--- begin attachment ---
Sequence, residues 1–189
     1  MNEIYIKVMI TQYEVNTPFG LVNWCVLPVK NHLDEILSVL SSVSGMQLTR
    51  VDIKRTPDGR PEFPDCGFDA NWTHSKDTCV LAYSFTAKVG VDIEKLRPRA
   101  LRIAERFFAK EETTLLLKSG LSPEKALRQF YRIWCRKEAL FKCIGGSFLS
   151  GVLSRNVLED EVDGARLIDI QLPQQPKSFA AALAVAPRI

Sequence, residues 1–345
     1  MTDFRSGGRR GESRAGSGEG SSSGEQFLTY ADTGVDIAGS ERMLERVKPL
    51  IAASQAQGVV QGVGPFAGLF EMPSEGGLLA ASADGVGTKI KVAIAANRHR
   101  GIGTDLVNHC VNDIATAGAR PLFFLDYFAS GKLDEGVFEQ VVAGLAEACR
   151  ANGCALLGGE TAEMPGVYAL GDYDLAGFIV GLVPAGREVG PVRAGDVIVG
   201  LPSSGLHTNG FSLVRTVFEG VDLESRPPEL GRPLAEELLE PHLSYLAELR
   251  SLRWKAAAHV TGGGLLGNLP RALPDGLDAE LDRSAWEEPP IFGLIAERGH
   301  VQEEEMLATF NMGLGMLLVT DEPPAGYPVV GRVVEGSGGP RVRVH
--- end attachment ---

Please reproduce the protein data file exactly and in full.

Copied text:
Sequence, residues 1–189
     1  MNEIYIKVMI TQYEVNTPFG LVNWCVLPVK NHLDEILSVL SSVSGMQLTR
    51  VDIKRTPDGR PEFPDCGFDA NWTHSKDTCV LAYSFTAKVG VDIEKLRPRA
   101  LRIAERFFAK EETTLLLKSG LSPEKALRQF YRIWCRKEAL FKCIGGSFLS
   151  GVLSRNVLED EVDGARLIDI QLPQQPKSFA AALAVAPRI

Sequence, residues 1–345
     1  MTDFRSGGRR GESRAGSGEG SSSGEQFLTY ADTGVDIAGS ERMLERVKPL
    51  IAASQAQGVV QGVGPFAGLF EMPSEGGLLA ASADGVGTKI KVAIAANRHR
   101  GIGTDLVNHC VNDIATAGAR PLFFLDYFAS GKLDEGVFEQ VVAGLAEACR
   151  ANGCALLGGE TAEMPGVYAL GDYDLAGFIV GLVPAGREVG PVRAGDVIVG
   201  LPSSGLHTNG FSLVRTVFEG VDLESRPPEL GRPLAEELLE PHLSYLAELR
   251  SLRWKAAAHV TGGGLLGNLP RALPDGLDAE LDRSAWEEPP IFGLIAERGH
   301  VQEEEMLATF NMGLGMLLVT DEPPAGYPVV GRVVEGSGGP RVRVH